We have an absolutely terrific smorgasbord of first-class readings today! First, though, let’s focus extra attention on this: Two very important pieces out in recent days revolve around an issue I’ve been writing on for seven years — or, rather, the tandem issues of what’s known as “overcriminalization” and prosecutorial abuse. You’ll see below that heavyweight conservative columnist George Will has now fully entered the fray, which is great news.

Overcriminalization is what happens when more than 44,000 federal regulations, even the most piddly little things, carry criminal penalties for violating them, even if the violator had no idea the silly regulation even existed. Prosecutorial abuse is when prosecutors on power trips misuse that endless web of regulatory criminalization to bludgeon their targets into guilty pleas and sometimes absurdly long incarceration.

I’ve written multiple times about the seafood importers here in southern Alabama who spent eight years imprisoned because, first, they imported lobster tails in plastic instead of cardboard, and then because it turned out that, by a very small percentage fraction, a few too many of the lobster were of juvenile size. Both regulations weren’t even part of U.S. law, but were Honduran law applied here through something called the Lacey Act, which makes American importers subject to foreign environmental law. Never mind that, as it turned out, the Honduran law in question had already been revoked: The importers here still had to serve their prison terms.

And I’ve written many other times, and given speeches on, this is just one of the many appalling stories of a justice system gone very badly askew.

Now let me be very clear: I’m usually on the side of prosecutors. I’m a strict law-and-order guy. The problem is with a minority of prosecutors who let their vast discretionary powers go to their heads.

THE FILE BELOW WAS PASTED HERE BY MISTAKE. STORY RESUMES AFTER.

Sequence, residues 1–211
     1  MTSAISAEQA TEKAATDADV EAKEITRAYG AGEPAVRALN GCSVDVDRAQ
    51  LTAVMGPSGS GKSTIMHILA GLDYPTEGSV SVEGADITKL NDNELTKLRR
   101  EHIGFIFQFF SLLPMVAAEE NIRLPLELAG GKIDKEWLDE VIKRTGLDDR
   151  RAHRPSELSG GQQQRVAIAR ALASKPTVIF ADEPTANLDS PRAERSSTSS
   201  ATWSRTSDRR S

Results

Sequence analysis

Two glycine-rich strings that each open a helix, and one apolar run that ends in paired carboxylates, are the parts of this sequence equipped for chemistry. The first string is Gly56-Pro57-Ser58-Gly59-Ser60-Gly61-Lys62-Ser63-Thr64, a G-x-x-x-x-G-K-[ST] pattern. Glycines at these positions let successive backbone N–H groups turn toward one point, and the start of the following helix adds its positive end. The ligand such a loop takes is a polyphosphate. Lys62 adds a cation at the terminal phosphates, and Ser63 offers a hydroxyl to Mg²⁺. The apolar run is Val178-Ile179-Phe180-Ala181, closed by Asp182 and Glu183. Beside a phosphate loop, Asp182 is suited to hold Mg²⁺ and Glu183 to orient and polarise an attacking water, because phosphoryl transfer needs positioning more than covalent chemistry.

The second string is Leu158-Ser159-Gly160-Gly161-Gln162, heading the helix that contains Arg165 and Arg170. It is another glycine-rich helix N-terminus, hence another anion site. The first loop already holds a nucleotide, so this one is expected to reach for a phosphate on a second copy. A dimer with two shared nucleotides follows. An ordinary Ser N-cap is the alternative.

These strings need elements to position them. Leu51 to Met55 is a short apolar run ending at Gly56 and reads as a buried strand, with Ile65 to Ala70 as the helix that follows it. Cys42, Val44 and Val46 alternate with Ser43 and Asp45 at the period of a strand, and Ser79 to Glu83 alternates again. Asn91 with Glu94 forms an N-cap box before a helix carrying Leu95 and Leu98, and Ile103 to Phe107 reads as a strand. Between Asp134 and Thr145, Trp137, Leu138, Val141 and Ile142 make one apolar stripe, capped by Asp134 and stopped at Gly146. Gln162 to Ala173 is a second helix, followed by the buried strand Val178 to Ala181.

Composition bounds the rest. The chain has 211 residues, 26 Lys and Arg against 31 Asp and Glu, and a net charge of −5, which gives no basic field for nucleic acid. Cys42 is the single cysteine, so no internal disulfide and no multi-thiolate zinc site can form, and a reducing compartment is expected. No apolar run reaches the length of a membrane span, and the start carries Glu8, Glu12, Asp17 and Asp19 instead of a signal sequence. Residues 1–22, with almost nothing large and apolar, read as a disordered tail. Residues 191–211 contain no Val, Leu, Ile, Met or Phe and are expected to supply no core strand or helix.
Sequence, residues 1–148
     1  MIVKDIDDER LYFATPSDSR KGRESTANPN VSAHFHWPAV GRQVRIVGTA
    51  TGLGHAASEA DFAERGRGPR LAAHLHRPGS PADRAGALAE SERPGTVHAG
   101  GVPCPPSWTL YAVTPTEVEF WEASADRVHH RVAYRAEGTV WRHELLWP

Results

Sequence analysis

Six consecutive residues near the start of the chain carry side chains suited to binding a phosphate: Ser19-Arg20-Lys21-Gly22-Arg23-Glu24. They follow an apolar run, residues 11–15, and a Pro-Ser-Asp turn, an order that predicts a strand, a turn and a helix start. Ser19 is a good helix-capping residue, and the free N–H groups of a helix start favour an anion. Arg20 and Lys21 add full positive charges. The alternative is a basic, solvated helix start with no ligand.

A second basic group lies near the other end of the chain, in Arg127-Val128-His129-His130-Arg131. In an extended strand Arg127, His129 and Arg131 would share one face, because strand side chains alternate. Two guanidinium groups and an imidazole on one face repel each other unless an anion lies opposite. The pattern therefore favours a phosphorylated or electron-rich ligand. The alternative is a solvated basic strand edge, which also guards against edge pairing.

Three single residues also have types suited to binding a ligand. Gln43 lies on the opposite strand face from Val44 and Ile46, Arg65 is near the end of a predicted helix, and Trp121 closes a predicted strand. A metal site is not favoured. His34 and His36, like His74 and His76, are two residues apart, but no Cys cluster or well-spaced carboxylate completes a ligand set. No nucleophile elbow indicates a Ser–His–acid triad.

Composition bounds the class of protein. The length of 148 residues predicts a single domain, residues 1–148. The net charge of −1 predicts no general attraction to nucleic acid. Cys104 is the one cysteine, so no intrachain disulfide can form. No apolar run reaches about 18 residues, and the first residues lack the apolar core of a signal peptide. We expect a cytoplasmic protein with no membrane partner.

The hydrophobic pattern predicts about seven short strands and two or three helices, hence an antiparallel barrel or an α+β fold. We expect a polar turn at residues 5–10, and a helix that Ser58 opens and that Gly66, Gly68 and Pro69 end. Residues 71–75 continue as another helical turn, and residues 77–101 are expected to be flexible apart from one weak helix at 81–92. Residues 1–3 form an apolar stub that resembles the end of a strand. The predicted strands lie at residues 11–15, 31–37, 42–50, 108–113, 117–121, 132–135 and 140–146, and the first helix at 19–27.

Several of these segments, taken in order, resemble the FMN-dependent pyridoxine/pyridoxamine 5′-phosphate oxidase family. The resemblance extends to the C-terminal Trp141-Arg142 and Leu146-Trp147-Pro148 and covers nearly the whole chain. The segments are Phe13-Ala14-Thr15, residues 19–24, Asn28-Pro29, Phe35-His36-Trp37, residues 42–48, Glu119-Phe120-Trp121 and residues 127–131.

Anyway, the lead items of today’s roundup continue to put a spotlight on these problems, which are uniting conservatives (against a too-powerful government) with liberals/civil libertarians (interested in mercy) in a way that now has the attention of Congress and that might, finally, pay off in some reforms in the next year or two. Thank goodness.

Read: When everything is a crime, by George Will, and:

The runaway prosecutor who almost lost Iraq, by Arthur L. Herman at National Review, which should recall this and this as well, about the case of Scooter Libby and Valerie Plame (the awful movie version of which was mis-told inĀ Fair Game).

The rest of the roundup is here:

Book Review: … Lost Provisions of the Constitution, review by Hans von Spakovsky of book by U.S. Sen. Mike Lee.

Persecuting Believers Does Not Protect Anyone’s Civil Rights, by former U.S. Attorney General Ed Meese and former ambassador J.Kenneth Blackwell.

Nixon, Hillary and the Tapes, by former U.S. Senator (and former Senate Watergate counsel) Fred Thompson.

Rand Paul’s Uncertain Trumpet, by Rich Lowry.

… and from the thoughtful center/center-Left: A Great ‘Wall of Sand’ in the South China Sea, by the Washington Post editorial board….

and from the all-too-rarely-thoughtful Left, Why we miss the unpolarizing Pat Moynihan, by E.J. Dionne Jr.


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